There are two different types of loan repayments you can select when taking out your home loan. These are Principal and Interest or Interest Only Loans.
You should definitely do your research, as well as getting professional advice, before making a decision, however some of the pros and cons are set out below to help you in the decision process.
What Is An Interest Only Loan?
Firstly, you should understand what interest only loans are. As the name suggests, when you select interest only repayments, you will only be paying the interest on your home loan. You can generally apply for an interest only period of between 1 and 5 years, but some lenders are offering up to 15 years.
1. Maximise Your Cashflow
When you make interest only repayments, your repayments are significantly lower during the interest only period. This is because you are not paying off any of the loan principal. This can free up cashflow for things other things.
But keep in mind that after the interest only period is finished, you will revert back to paying the principal too. As you will be repaying the entire loan principal over a shorter period of time, your repayments will be considerably higher. This may also be a good time to consider refinancing.
As you have a much lower commitment, you will have more money left at the end of the month and greater flexibility around what you do with it. If you were making principal & interest repayments, you would be forced to pay down the debt against the property.
Interest only allows you the flexibility of parking the extra cash in an offset account, applying it to other debts, or possibly utilising it as a deposit for your next property.
3. Same Loan Features As Principal And Interest
The good thing is that interest only repayments can be selected on loans which include the same loan features as a principal and interest loan, including offset accounts, extra repayments, etc.
1. Loan Balance Does Not Reduce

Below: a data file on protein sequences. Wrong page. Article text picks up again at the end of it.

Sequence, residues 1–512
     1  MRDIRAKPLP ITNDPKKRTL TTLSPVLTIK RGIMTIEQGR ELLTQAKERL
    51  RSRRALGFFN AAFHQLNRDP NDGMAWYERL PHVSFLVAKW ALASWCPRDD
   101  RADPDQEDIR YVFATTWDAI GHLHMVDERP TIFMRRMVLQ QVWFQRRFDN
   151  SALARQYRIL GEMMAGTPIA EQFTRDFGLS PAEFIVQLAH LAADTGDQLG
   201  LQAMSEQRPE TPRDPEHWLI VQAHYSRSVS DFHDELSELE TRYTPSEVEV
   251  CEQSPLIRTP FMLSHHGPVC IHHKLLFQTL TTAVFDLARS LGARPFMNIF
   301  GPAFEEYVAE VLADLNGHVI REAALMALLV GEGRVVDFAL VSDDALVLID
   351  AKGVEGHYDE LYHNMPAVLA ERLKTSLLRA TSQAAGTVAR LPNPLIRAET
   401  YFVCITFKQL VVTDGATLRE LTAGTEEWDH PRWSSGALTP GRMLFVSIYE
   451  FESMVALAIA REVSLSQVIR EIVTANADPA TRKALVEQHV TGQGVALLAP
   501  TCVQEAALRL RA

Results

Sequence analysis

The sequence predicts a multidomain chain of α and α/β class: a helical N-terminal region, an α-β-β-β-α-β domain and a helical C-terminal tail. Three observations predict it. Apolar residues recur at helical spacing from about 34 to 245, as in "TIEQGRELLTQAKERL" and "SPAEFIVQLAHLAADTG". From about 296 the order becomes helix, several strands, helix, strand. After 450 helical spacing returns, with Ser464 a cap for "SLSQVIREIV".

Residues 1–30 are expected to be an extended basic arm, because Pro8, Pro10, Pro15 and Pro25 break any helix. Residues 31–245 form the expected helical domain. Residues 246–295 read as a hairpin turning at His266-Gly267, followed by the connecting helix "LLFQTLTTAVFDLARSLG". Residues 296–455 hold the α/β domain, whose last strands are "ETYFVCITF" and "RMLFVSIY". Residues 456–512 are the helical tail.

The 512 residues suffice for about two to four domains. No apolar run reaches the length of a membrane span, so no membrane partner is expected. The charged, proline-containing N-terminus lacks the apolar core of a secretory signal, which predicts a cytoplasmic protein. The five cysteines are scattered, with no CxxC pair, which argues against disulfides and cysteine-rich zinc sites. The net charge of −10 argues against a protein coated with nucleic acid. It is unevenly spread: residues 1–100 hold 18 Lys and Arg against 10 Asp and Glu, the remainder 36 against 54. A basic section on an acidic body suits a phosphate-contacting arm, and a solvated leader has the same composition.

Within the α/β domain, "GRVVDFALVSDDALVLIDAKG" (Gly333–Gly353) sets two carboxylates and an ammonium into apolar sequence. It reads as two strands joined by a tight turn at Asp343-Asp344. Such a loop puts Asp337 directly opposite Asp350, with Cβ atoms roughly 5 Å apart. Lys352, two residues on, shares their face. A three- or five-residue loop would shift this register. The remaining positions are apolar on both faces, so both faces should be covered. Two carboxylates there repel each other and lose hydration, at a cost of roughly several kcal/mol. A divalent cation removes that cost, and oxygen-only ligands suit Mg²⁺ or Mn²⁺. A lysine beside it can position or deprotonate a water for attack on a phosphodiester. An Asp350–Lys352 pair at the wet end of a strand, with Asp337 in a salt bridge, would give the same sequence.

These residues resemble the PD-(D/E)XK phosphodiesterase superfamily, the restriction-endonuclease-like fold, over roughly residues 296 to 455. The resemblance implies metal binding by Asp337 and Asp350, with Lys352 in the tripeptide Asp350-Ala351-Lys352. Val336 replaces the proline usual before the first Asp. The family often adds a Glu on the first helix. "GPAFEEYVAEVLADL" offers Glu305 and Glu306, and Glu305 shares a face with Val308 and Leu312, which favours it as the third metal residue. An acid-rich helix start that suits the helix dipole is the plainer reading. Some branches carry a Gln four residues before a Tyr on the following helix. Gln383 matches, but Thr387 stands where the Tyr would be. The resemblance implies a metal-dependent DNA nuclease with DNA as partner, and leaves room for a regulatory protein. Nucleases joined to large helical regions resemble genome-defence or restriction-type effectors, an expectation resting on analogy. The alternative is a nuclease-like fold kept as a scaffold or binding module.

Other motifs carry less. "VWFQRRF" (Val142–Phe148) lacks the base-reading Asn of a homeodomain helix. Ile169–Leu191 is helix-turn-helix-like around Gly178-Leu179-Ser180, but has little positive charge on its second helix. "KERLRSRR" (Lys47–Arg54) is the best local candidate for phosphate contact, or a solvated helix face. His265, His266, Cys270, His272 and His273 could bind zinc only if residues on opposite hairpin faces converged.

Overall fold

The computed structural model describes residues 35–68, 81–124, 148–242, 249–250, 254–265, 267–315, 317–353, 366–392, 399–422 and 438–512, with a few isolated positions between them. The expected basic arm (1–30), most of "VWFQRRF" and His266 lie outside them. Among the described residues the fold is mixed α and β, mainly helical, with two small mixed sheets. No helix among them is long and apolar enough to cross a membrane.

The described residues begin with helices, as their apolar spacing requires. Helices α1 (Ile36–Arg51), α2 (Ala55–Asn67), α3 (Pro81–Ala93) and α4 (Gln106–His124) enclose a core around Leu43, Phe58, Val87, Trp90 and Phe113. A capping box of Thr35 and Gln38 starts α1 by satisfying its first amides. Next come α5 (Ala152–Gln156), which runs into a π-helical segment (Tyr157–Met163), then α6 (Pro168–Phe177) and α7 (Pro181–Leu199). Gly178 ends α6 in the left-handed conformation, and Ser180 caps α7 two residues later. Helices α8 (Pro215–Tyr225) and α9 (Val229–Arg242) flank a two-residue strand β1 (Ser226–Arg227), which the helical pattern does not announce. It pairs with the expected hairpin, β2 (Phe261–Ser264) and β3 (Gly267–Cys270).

As you are only paying off the interest, the actual loan balance will not reduce. When the interest only period ends, your loan will then revert back to principal and interest repayments, which will lead to significantly increased repayments. So it is important to make sure that you can afford the increased repayments before taking out the interest only option.
2. What If Property Prices Drop?
If property prices drop and you have only been paying the interest over, say, 5 years, you may find yourself between a rock and a hard place if you have to sell. As you have not paid down any of the actual debt, if you sell the property at a loss you will need to find funds elsewhere to pay off the remaining debt.
It is worth keeping up to date on how much your property is worth before making a decision like this. A property report can give you an estimate on how much your property is worth in today’s market.
3. You Must Be Disciplined
You really do need to be disciplined with interest only loans. If the extra cashflow is not being utilised correctly and just being used for your everyday expenses, it might be an idea to change to principal and interest repayments to ensure you are reducing your loan balance.
However if you are disciplined and utilising this extra money for other investments or requirements, it may be worth considering an interest only repayment.
Remember, It is always best to contact a good mortgage broker or financial adviser to ensure you have all of the information required before making a decision on what repayments you should go with.